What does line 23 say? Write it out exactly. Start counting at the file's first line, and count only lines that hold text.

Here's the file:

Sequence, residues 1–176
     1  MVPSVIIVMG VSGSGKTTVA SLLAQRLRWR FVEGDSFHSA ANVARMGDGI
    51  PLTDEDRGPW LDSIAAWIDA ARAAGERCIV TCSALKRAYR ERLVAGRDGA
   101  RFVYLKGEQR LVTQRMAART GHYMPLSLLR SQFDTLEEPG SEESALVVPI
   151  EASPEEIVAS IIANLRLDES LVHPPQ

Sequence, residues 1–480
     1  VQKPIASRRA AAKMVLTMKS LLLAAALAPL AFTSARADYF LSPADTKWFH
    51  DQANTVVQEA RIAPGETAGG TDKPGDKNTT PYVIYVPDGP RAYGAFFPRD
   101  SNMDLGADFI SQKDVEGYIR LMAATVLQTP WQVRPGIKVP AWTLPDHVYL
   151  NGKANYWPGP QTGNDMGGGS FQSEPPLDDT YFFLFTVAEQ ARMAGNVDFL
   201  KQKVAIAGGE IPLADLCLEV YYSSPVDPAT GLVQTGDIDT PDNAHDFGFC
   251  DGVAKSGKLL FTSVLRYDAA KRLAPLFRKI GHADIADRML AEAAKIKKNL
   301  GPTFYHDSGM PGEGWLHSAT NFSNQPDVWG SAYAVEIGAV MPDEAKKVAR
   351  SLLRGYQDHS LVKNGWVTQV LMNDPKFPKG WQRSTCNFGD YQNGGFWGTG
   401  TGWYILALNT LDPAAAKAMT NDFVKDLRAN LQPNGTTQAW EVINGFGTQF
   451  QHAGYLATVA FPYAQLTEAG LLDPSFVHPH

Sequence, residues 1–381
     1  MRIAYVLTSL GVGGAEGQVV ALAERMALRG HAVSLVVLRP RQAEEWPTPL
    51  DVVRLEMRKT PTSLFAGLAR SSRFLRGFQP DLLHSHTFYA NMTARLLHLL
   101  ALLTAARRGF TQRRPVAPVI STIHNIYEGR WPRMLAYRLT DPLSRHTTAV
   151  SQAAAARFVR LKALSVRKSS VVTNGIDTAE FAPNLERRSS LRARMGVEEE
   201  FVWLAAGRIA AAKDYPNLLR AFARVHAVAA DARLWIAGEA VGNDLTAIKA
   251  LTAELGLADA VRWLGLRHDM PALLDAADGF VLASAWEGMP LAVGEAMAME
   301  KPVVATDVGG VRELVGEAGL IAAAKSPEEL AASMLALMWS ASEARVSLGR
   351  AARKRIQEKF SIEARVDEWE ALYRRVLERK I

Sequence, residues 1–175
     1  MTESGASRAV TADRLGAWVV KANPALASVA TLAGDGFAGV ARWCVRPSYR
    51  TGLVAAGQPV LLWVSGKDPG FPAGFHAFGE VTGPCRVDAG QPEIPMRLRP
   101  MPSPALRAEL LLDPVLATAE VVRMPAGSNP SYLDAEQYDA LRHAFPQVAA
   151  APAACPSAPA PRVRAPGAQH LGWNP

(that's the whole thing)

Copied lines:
   251  LTAELGLADA VRWLGLRHDM PALLDAADGF VLASAWEGMP LAVGEAMAME